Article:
28. "... let slip the dogs of ___": Shak. : WAR
31. Stuck : MIRED
33. Grabbed something : ATE
34. Black-tie event : GALA
35. Vernacular much debated in the 1990s : EBONICS
36. By hook or by crook : SOMEHOW
37. Ancient Greek craft : TRIREME
38. Island north of Antigua : BARBUDA
39. Tablet contents, perhaps : E-BOOKS
41. Not yet admitted : WAITING
42. Heart : ESSENCE
43. They hold water : SPONGES
45. Power in old films : TYRONE
48. Purchase in large quantity : BUY UP
51. Medium gait : TROT
52. Twice quattuor : OCTO
54. Wild way to go : APE
55. Bit of blood-typing shorthand : NEG
56. 21st word of the Pledge of Allegiance : ONE


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4 comments :

Dave Kennison said...

Five weeks ago, iPad: 17:59, no errors. Today, paper: 13:08, no errors. Still didn't remember ERLE C. Kenton ... blocked by STAN Kenton, whoever that may have been (Google tells me that he was a jazz pianist and guilty of incest with his daughter ... well, so much for that image ... ).

Anonymous said...

24:24, and 4 errors in the top left. Misunderstood the clue "issue" and read it as a noun, not a verb; 28 across was, um, just a little disingenuous. A decently stern Friday challenge.

BruceB said...

26:43, no errors. Some answers came very quickly, LIZARD/PFIZER cross, for example. Others took a while, 'Wheel that runs' - BRIE. Enjoyed the clever challenges.

Bill: thanks for the background on 'camiknickers', lol. A word I have never heard before, but if it ever shows up in a future puzzle, I will remember it.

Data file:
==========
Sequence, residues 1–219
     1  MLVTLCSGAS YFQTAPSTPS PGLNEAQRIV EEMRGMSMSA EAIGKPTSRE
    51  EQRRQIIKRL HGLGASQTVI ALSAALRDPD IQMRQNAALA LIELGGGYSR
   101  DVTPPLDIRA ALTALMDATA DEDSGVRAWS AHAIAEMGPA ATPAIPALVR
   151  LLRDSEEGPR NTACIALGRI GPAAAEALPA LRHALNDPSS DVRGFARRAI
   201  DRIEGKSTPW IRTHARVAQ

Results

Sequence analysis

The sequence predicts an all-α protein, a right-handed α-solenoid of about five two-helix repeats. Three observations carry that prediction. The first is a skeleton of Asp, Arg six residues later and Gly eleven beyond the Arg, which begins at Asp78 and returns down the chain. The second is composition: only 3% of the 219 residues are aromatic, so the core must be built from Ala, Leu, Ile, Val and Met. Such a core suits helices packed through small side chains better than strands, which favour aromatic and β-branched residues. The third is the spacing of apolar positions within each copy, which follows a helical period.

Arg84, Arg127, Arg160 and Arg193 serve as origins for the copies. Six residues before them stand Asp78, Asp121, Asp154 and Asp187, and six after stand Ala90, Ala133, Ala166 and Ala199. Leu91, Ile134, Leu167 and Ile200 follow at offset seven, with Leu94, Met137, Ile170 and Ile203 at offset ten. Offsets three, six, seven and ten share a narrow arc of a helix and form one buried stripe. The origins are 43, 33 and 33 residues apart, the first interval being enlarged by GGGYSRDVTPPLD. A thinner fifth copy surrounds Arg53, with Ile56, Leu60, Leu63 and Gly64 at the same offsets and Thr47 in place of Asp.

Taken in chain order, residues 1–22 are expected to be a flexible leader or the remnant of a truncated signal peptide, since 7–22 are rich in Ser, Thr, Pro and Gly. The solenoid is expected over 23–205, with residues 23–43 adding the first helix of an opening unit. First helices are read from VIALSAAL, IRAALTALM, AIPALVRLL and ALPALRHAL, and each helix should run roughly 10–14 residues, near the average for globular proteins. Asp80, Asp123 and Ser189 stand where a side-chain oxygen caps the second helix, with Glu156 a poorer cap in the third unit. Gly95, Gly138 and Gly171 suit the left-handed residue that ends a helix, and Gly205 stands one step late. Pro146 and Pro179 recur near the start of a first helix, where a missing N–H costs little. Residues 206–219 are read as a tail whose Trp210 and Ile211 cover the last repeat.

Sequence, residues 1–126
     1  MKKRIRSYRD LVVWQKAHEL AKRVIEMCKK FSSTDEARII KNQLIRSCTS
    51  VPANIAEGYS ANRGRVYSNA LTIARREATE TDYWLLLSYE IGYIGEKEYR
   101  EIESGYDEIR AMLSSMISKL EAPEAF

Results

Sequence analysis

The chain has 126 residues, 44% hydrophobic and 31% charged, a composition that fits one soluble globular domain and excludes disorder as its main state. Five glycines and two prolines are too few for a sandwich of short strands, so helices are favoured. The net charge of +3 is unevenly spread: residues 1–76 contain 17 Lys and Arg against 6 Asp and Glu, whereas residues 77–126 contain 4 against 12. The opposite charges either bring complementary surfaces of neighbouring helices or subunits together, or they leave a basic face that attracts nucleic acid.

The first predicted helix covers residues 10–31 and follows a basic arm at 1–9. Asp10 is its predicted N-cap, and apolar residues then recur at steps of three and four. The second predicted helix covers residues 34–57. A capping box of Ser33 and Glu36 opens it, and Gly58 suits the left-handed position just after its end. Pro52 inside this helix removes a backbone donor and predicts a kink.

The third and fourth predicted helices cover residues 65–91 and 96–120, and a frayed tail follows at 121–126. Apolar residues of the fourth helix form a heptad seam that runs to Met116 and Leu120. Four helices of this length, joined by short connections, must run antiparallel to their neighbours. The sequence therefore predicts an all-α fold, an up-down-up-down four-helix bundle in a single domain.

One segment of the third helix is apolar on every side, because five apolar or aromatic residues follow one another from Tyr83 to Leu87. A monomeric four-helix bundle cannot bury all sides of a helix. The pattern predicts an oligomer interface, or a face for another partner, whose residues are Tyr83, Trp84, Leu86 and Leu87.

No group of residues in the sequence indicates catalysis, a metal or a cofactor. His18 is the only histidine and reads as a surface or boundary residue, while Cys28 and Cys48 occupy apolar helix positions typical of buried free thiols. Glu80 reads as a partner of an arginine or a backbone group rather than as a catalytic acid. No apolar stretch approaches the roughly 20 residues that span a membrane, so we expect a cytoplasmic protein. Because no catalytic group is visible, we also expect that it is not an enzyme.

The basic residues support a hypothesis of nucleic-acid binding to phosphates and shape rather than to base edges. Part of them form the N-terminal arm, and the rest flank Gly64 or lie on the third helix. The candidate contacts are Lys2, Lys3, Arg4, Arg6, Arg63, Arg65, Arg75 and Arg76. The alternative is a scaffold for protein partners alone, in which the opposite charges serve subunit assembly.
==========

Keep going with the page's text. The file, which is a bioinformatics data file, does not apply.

John Billings said...

I think the clue for 46 across is an out-and-out error.
A "file" is for cutting through metal. A "rasp" is for cutting
through wood. They don't begin to work interchangeably.

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About This Blog

This is the simplest of blogs.

I do the New York Times puzzle online every evening, the night before it is published in the paper. Then, I "Google & Wiki" the references that puzzle me, or that I find of interest. I post my findings, along with the solution, as soon as I am done, usually well before the newsprint version becomes available.

About Me

The name's William Ernest Butler, but please call me Bill. I grew up in Ireland, but now live out here in the San Francisco Bay Area. I am retired, from technology businesses that took our family all over the world.

I try to answer all emails, so please feel free to email me at bill@paxient.com.

Crosswords and My Dad

I worked on my first crossword puzzle when I was about 6-years-old, sitting on my Dad's knee. He let me "help" him with his puzzle almost every day as I was growing up. Over the years, Dad passed on to me his addiction to crosswords. Now in my early 50s, I work on my Irish Times and New York Times puzzles every day. I'm no longer sitting on my Dad's knee, but I feel that he is there with me, looking over my shoulder.

This blog is dedicated to my Dad, who passed away at the beginning of this month.

Bill
January 29, 2009